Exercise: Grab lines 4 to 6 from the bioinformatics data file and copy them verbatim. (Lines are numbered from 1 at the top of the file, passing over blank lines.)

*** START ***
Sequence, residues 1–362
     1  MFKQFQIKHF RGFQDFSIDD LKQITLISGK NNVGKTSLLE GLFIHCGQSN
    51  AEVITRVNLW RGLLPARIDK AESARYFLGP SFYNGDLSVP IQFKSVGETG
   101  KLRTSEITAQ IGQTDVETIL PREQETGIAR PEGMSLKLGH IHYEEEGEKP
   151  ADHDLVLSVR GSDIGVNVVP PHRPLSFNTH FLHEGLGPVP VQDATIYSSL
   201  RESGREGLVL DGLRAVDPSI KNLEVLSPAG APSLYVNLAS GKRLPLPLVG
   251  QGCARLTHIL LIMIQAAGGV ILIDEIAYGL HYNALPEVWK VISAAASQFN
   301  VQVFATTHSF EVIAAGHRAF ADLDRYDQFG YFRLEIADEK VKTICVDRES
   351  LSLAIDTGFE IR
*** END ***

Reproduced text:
   101  KLRTSEITAQ IGQTDVETIL PREQETGIAR PEGMSLKLGH IHYEEEGEKP
   151  ADHDLVLSVR GSDIGVNVVP PHRPLSFNTH FLHEGLGPVP VQDATIYSSL
   201  RESGREGLVL DGLRAVDPSI KNLEVLSPAG APSLYVNLAS GKRLPLPLVG